• The Giver by Lois Lowry ~ right now, it’s set to come out 2011, but that’ll probably get pushed back.  It’s suppose to be done by the director who did the last few Harry Potter movies, so they’ve had to wait for those to wrap up. I just can’t see how this book could work as a movie for the same reasons The Kite Runner was a miss.  There’s so much going on mentally, how can they show that on the screen?
  • The Road by Cormac McCarthy ~ Viggo Mortensen as the man… big, big plus.  It could really be another Mad Max or Blade Runner and be a raging success, but it could just as easily tank hard.  It’s another one of those mental books, though the scenery could be amazing.  They HAVE to have the cellar scene in it, though, or it’ll be a deal breaker.
  • The Book Thief by Markus Zusak ~ The book was perfection.  A movie will screw it up.  There’s NO WAY it can be done.

Oh, and by the way… Don’t forget to Trisha’s having a contest for this:

Giveaway:

If you make a post about this topic and leave a link in the comments section, I will 1) add you to the list below and 2) enter you into a giveaway for one of the following books:

1.  It’s Easy Being Green by Crissy Trask
2.  No Touch Monkey by Ayun Halliday
3.  Heart of Darkness by Joseph Conrad
4.  The Reader by Bernhard Schlink

The contest closes at midnight January 17.

So what books do you think would be a hit or were a miss?

Bloggiesta progress update #3

Pedro

So, after taking a four hour break to eat and relax a little… very little as it turned out, as the kids screamed and fought and fussed until I sent them to bed, which they fought and fussed about with me (When a 17-year-old tells you “No”, it’s a delicate situation.  Diffusing nuclear BOMBS are less dangerous).  But it’s quasi-quiet, and after trying to read, only to fall asleep, give up and decide to sleep, only to have screaming and yelling and fighting start just after I slip into unconsciousness… Well, I’m wide awake now.  So, back to the Bloggiesta fiesta :-)

I decided to go ahead and make a separate blog for The Welsh Reading Challenge, but it’s still some work before linking it up here.  It’s coming along nicely, though :-)  I figure with a devoted blog, I can make all the lists and links that the challenge deserves without turning Mt. TBR into a chaotic mess.  Thanks BethFishReads and Rhinoa’s Ramblings for sharing their wisdom from their first year of hosting challenges :-)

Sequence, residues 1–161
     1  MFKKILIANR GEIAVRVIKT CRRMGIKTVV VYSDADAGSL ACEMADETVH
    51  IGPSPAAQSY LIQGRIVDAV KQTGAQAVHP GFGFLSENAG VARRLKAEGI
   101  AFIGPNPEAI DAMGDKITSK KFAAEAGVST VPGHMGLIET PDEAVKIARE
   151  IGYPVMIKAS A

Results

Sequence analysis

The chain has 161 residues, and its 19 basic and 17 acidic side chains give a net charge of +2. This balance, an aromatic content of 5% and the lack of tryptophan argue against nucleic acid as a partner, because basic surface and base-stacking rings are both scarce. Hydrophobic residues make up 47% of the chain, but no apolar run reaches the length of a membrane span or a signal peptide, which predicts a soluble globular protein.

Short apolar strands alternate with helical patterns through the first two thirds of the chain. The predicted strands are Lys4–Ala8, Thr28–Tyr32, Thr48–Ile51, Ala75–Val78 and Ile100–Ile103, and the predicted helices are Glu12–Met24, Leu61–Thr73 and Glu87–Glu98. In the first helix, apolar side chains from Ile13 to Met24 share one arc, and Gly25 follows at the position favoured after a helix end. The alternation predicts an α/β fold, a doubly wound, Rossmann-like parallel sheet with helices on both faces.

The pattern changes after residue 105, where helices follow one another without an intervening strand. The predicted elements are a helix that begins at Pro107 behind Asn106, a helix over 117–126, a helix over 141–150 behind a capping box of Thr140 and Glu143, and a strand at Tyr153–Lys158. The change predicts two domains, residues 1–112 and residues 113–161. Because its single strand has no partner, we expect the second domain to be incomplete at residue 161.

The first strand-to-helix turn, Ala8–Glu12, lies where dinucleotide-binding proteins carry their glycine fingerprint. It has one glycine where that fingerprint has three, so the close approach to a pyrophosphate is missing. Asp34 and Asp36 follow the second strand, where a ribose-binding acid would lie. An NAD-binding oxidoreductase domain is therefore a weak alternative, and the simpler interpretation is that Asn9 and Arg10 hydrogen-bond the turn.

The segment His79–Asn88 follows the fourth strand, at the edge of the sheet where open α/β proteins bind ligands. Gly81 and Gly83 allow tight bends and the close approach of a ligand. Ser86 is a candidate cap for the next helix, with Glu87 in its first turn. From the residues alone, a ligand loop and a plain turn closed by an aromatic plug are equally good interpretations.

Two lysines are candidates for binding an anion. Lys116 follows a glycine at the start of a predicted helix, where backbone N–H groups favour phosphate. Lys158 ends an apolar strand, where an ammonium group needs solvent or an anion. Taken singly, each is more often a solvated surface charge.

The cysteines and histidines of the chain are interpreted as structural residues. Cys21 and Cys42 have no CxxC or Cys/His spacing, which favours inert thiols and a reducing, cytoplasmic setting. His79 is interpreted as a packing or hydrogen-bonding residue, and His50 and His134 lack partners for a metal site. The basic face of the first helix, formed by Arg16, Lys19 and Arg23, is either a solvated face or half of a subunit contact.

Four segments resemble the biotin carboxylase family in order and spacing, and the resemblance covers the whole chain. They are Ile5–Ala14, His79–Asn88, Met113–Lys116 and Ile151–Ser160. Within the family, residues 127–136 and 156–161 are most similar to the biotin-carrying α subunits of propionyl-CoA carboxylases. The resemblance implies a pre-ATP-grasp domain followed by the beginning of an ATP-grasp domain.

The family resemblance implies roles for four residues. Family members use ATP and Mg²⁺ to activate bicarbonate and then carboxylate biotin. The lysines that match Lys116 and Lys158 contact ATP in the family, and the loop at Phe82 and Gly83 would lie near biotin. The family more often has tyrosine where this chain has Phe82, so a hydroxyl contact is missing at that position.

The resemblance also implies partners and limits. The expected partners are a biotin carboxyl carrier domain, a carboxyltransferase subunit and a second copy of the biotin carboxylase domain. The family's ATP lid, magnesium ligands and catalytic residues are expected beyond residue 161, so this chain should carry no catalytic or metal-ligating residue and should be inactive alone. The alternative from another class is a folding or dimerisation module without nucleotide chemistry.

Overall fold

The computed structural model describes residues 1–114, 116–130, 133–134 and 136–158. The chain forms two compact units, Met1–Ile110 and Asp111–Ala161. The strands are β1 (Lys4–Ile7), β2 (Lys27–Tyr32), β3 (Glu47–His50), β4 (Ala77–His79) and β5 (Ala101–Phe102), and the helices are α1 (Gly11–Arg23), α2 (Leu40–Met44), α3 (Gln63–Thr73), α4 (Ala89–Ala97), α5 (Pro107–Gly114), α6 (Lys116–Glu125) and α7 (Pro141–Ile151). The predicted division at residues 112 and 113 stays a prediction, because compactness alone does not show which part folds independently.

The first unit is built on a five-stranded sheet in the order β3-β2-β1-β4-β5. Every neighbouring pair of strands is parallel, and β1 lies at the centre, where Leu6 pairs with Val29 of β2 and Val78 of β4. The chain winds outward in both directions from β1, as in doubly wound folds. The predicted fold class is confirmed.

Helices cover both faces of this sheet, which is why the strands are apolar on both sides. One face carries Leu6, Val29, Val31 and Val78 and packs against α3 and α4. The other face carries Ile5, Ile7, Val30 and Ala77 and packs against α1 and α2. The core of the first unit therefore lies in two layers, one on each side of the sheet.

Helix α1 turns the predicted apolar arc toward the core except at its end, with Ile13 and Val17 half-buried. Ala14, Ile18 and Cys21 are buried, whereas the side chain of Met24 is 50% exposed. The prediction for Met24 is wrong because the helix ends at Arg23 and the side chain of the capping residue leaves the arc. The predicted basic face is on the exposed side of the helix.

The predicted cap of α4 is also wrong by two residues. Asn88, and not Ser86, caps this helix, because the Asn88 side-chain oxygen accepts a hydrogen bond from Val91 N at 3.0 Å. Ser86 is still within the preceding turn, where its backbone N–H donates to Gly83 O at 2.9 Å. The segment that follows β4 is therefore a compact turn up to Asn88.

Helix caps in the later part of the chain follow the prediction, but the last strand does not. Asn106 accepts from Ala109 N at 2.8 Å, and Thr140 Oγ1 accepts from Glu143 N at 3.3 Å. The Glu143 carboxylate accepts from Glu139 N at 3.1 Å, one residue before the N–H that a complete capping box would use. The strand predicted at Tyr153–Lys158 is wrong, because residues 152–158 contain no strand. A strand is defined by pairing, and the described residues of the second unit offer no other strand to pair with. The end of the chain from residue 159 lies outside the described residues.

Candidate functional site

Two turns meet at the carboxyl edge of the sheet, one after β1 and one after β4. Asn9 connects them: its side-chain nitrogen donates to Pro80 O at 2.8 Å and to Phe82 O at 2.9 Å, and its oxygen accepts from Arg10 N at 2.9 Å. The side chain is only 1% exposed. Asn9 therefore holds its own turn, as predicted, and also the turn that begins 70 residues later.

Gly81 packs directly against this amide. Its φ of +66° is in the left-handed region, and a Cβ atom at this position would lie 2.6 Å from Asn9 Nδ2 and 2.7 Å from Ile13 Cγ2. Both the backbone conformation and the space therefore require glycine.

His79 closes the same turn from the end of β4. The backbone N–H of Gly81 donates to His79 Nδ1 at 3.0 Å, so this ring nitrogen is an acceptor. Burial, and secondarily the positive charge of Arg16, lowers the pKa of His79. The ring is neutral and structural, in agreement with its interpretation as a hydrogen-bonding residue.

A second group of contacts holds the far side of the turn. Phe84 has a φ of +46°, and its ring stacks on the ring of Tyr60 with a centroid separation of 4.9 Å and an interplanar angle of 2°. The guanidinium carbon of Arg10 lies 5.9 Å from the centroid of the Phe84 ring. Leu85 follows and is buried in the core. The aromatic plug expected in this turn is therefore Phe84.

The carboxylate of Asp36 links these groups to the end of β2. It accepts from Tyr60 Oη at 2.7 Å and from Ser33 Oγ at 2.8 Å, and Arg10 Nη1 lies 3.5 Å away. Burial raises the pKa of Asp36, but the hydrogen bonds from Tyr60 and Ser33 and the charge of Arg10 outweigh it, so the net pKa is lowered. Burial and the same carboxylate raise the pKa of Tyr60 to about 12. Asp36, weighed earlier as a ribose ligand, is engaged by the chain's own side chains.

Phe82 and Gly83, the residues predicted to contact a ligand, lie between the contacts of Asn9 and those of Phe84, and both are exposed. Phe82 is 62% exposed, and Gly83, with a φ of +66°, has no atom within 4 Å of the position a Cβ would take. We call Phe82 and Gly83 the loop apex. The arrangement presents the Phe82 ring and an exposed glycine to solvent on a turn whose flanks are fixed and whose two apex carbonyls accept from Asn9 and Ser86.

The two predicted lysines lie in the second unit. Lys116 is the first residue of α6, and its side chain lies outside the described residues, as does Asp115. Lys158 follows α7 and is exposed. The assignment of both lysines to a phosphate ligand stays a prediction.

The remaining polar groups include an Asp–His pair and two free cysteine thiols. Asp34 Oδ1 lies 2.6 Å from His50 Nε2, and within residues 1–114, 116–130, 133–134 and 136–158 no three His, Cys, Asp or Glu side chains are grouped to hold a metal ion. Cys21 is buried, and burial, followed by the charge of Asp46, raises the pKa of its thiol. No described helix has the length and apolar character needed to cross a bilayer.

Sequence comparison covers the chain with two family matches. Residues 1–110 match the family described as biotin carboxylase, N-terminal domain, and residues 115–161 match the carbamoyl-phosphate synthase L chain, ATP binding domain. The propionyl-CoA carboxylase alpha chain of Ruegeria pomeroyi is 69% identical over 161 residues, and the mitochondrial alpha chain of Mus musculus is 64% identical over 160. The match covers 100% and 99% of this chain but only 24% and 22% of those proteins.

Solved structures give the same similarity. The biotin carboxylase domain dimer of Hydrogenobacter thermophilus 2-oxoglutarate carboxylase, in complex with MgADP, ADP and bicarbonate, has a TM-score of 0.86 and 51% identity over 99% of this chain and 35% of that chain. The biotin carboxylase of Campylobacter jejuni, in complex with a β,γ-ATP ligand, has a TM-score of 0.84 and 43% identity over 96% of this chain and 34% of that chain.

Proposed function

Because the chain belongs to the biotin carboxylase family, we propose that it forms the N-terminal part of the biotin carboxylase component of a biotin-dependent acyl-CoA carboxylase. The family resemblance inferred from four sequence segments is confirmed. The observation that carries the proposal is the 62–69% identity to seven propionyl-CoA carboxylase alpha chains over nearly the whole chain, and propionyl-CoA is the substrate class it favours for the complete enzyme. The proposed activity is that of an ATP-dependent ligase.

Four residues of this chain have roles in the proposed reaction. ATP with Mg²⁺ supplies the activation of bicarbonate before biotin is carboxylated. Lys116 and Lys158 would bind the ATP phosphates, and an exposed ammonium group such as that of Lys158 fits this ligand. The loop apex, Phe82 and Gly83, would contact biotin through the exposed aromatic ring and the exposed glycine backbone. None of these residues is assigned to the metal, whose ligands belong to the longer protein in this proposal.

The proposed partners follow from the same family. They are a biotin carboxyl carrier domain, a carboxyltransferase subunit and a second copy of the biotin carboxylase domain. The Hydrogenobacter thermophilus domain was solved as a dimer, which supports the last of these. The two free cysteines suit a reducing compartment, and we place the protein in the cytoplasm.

So now I’m doing a few mini-challenges…

First up, cleaning out the reader. The Book Lady’s Blog is hosting a mini-challenge to clean up your blog reader.  I use Google Reader, and currently have 64 subscriptions.  She puts it like this:

If you’re like me, you subscribe to more blogs than you can keep straight. You love some of them, you skim some others, and you might even mark some as “read” without even glancing. This mini-challenge is all about organizing your feedreader to make it work for you.

yeah… sadly, that’s true for me with a couple blogs.  Why I put them in my reader, I don’t even remember anymore.  Maybe they had a funny Friday Fill-In, so I thought I’d love their whole blog, but it always seems to be about rock collections or dogs in tutus… IDK… lol.  Actually, I’d probably read the dogs in tutus *glances over and Missy, looks to her left and sees the camera… wonders where the tutu and princess cone hat went*  Hehehehe.

So I’m cleaning out the reader and I’ve found one blog that’s moved several months ago, as well as a few dormant blogs and a couple whose content I never read.  As I’m going through the blogs that haven’t had a new post in more than three months, the thought hits me:  What if what happened to Katie in Undiscovered Gyrl happened to them?  What if they’re missing or dead, and I’m just callously ticking off their blog to unsub because they don’t post from the Great Beyond? 

So now I’m down to 51.  There is the possibility of 10 dead and missing bloggers somewhere out there and 2 blogs whose content I groan after skimming.  What’s next?  Categories and folders.  Good idea… if I’d have thought of that before unsubbing, I could’ve just made an “MIA” folder incase they’re found before the guy hacks them to bits and they return to blogging to tell their story.  BUT… I think I’m following them on twitter, so it’s all good.  Okay, so now I have a Welsh Challenge folder and a Meme folder, then the rest are regular bloggers that I read in general.

After that, all I need is to catch up on the reading, which I got caught up on a couple weeks ago, and have stayed caught up :-)

Bloggiesta Mini-Challenge: Clean Up Your Feedreader! DONE :-)

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Next up is BethFishRead’s Mini-Challenge to write up a rainy day post.  Either one of an opinion or a list.  I’ve actually got a half-done post that I started about a year ago… lol.  It’s a Fantasy Island list thing, so I think I’ll go ahead and finish it up for this. 

…… On second thought, after looking at what I thought was a half-finished post that turned out to be two lines of what I thought would be a fun post but I no longer know what I was talking about, I’ll write a new one. LOL.  But what to write… hmmmm…  I pretty much exhausted my opinions with the Festivus posts.  Okay, so it’ll be a list then.  BUT, you know me… it won’t be a dry, sensible list… oh, no… it’s going to be goofy and random.